Farewell (For Now) to Bombshells, DC's Queerest Comic

DC Comics Bombshells is over... long live DC Comics Bombshells!

Yes, the digital-first weekly series written by Marguerite Bennett and featuring a rotating team of artists including Marguerite Savauge, Stephen Mooney, Bilquis Evely and more, has finally come to an end with the release of its one-hundredth issue. The finale arrive with the Siege of Leningrad and most of the sereis' plots wrapped up nicely. It was a happy ending -- or, as happy as any ending could be in that dark time.

Of course, as we know, it’s not actually an ending. Soon Bombshells -- that inscrutable, miraculous series -- will return as an all-new digital-first title, but before that day, we're celebrating one of the most unlikely comics to see success in quite some time.

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It’s had (like a Senior High School quote) a long strange trip from inception to print. In fact, the series didn’t begin as a comic, but as a line of collectibles. Bombshells has its roots in a line of statues based on prints of artist Ant Lucia. His artwork depicted DC's superheroines -- Wonder Woman, Stargirl, Poison Ivy and Harley Quinn -- as World War II-era pin-up girls, i.e.: gorgeous bombshells. Due to the popularity of the statue line, DC commissioned more, and their ranks grew to include Zatanna, Black Canary, Killer Frost, Jesse Quick, Bumblebee and Raven -- all of whom would go on to star in the eventual series. After the comic book arrived, the Bombshells line exploded, inspiring a fashion line and more, all thanks to the brilliant choice of creators helming the serialized adventure.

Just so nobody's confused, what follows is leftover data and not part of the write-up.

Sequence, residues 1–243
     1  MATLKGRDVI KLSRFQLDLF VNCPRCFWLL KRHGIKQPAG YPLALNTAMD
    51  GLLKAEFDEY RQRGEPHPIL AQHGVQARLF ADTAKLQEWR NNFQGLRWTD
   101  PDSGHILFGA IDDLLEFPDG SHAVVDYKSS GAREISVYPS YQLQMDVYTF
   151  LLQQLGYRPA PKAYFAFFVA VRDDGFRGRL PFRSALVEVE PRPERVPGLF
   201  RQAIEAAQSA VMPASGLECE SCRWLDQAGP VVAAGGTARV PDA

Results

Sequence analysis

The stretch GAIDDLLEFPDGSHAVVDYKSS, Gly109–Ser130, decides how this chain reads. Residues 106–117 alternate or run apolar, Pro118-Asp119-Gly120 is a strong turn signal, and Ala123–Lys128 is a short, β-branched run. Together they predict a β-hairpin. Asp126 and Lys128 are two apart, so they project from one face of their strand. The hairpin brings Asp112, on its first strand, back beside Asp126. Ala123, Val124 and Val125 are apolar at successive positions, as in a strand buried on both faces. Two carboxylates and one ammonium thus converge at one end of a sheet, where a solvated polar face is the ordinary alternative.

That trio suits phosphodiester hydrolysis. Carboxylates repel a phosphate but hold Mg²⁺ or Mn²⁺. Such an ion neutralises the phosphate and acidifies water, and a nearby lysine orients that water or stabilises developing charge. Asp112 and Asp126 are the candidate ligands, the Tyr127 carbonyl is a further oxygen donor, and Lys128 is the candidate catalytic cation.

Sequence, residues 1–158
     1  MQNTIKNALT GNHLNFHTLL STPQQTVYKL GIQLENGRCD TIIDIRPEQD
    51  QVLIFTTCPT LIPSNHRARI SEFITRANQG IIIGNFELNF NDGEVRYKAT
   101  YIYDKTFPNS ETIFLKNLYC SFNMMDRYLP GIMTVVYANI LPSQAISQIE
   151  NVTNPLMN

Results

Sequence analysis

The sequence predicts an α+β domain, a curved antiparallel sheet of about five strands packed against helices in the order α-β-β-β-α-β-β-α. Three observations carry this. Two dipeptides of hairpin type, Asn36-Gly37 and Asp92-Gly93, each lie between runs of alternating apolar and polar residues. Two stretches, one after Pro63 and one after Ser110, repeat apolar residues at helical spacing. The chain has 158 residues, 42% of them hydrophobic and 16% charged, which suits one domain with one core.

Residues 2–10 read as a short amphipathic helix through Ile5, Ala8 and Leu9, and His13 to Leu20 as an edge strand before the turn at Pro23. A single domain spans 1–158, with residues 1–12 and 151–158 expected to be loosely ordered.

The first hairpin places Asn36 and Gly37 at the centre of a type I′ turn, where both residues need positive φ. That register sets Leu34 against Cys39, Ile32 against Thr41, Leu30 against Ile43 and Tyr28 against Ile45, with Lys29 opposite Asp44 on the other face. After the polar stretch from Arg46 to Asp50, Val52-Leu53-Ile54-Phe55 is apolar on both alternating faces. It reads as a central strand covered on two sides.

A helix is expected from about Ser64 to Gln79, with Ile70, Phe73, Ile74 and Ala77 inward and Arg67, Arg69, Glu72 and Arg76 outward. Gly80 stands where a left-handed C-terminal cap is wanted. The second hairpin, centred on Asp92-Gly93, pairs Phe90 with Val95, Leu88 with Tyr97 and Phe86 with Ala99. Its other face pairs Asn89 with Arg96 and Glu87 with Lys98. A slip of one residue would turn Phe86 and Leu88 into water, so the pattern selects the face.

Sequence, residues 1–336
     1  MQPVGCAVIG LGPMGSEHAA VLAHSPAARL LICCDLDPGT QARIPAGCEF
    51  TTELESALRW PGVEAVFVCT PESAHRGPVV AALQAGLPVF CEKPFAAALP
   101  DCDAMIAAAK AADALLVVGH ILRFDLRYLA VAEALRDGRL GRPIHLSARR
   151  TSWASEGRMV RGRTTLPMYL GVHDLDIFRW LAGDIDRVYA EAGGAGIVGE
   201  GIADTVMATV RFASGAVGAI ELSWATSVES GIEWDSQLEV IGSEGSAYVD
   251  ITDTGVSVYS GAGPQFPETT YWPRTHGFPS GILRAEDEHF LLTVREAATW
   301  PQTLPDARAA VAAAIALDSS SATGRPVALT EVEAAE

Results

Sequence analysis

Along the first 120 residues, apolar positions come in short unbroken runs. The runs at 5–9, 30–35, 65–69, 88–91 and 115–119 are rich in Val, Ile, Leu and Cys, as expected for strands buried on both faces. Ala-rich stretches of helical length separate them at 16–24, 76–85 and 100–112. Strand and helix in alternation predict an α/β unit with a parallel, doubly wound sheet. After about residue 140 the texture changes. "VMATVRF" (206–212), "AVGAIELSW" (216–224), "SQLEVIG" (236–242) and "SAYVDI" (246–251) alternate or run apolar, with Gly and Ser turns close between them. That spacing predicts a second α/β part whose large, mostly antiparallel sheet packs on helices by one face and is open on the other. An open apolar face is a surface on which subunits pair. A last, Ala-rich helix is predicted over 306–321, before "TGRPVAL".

Writer Margueritte Bennett proved a perfect choice for the series, given the fact that she herself is queer and has had a history of writing sexy female characters without depicting them as objects. The artist for the first round was Marguerite Sauvage, whose work brought Ant Lucia's designs to life for the first time as full-fledged characters. Thus was born DC Comics Bombshells.

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The first chapters told the story of Batwoman AKA Kate Kane, who went out stopping crime with a literal bat. She's a lesbian, but the story is told with none of the era-appropriate homophobia. Kate lives with her girlfriend, and longs after the days when she was an adventurer. Eventually, she gets drafted into the war and, the story spills out from there, chapters following different heroes in different fields of war, and back home in America, all of it building to a climactic stand-off in Leningrad, one hundred issues after the series debuted.